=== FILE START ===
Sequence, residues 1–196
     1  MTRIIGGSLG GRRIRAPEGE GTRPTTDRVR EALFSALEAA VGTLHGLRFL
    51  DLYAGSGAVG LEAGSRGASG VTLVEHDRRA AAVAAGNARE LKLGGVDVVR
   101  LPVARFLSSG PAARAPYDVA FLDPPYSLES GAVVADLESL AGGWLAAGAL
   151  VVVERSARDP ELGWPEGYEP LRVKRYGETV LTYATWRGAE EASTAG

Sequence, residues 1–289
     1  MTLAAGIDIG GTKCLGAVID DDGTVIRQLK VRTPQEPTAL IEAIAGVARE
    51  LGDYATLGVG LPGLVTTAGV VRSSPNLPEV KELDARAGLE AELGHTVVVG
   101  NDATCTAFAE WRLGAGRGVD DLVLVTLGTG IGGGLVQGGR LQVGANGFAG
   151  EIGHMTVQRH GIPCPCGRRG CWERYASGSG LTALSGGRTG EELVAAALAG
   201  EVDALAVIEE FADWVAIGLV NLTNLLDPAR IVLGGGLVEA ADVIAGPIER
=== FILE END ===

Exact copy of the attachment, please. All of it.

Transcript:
Sequence, residues 1–196
     1  MTRIIGGSLG GRRIRAPEGE GTRPTTDRVR EALFSALEAA VGTLHGLRFL
    51  DLYAGSGAVG LEAGSRGASG VTLVEHDRRA AAVAAGNARE LKLGGVDVVR
   101  LPVARFLSSG PAARAPYDVA FLDPPYSLES GAVVADLESL AGGWLAAGAL
   151  VVVERSARDP ELGWPEGYEP LRVKRYGETV LTYATWRGAE EASTAG

Sequence, residues 1–289
     1  MTLAAGIDIG GTKCLGAVID DDGTVIRQLK VRTPQEPTAL IEAIAGVARE
    51  LGDYATLGVG LPGLVTTAGV VRSSPNLPEV KELDARAGLE AELGHTVVVG
   101  NDATCTAFAE WRLGAGRGVD DLVLVTLGTG IGGGLVQGGR LQVGANGFAG
   151  EIGHMTVQRH GIPCPCGRRG CWERYASGSG LTALSGGRTG EELVAAALAG
   201  EVDALAVIEE FADWVAIGLV NLTNLLDPAR IVLGGGLVEA ADVIAGPIER